Note: This is Part 2 of a two-part article. In Part 1, the author explored examples of small-group life found in the pages of Scripture. Below she examines the presence of transformational community throughout the history of the Church.
The Protestant Reformation
Through the passing of time, we see strong examples of small-group renewal. Consider the Reformation of the 16th century, for example. Spearheaded in Germany by Martin Luther (1483-1546) and supported by many others, the reformers sought renewal and change within the church.
Through a revitalization of God's Word, the reformers confronted the existing church and its strong focus on papal and sacramental authority and human tradition. The thought of "Scripture Alone" for justification was a severe contradiction to the existing church and its teaching. Luther's vision was to bring the truth of Scripture to the common person. Grace was God's gift to those who placed their faith in the saving work of Jesus Christ; no strings attached. Rather than seeing reformation within the church, Luther was excommunicated.
Here began the powerful Protestant movement. Philip Schaff, the famous church historian, states that the Reformation "marked the gradual transition from the Middle Ages to modern times, from the universal acceptance of the papal theocracy in Western Europe to the assertion of national independence, from the supreme authority of the priesthood to the intellectual and spiritual freedom of the individual."
One of the central goals of the Reformation was to bring the Scriptures to the common person, the "priesthood of believers." First and foremost were small groups of lay people who met for prayer and the study of Scripture. The Bible was read with a new sense of anticipation regarding what might be possible as a consequence of acting in faith. For Luther, faith was to be nourished and strengthened through reflection and meditation on God's Word. Consequently, small groups were formed to help people integrate their belief and behavior, their faith and their work.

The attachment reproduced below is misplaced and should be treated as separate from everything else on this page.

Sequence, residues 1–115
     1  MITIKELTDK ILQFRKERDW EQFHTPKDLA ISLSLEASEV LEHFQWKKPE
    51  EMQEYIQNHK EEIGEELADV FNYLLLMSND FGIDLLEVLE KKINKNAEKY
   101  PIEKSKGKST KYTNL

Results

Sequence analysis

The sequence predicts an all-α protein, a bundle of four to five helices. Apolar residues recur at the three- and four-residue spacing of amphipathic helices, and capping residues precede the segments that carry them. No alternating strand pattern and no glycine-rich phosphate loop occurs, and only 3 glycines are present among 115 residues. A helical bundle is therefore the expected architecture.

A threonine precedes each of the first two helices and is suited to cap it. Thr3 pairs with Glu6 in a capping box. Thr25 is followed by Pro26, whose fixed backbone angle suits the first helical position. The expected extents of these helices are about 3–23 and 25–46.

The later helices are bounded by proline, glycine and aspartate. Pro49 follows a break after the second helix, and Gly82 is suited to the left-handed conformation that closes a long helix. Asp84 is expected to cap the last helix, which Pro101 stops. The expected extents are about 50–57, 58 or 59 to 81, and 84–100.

John Calvin (1509-1564), the French Reformer who ultimately spent most of his preaching, teaching, and writing years in Switzerland, attempted to evangelize his native France through the venue of small groups. These were strategic small groups of laity who met regularly for prayer and the study of Scripture. Although considered a bit more radical, Calvin supported the Reformed focus of "Scripture Alone" for justification. His contribution Institutes of the Christian Religion was one of the most important writings of the 16th century. Calvin claimed his reason for writing this work was to allow his readers to have easy access to the Word of God and to progress in it without stumbling.
John Wesley (1703-1791) was the most famous leader and creator of the Evangelical movement in England. John and his brother Charles formed a small group to aid one another in their studies, to read helpful books, and to participate in frequent communion. This was known as the Holy Club. And because of its disciplined ways, it was given the name Methodist. When the members of this group experienced significant life-change, the small-group format eventually became the strategic plan for spiritual growth within the Wesleyan movement.
At the heart of John Wesley's discipleship and renewal system were "class meetings." These meetings proved to be an excellent environment for life transformation, and they became a pivotal element of the Methodist movement, blending belief and behavior for the integrity of their faith. The class meeting challenged the small group with the key principles of New Testament Christianity: personal growth, accountability, and spiritual stewardship, doing so by "bearing one another's burdens" and "speaking the truth in love." Wesley made sure every believer was engaged in a small group, and through this powerful movement, the English society was largely transformed. So long as it prospered, the class meeting was the institution that did the most to guarantee that church membership was not merely a nominal affiliation.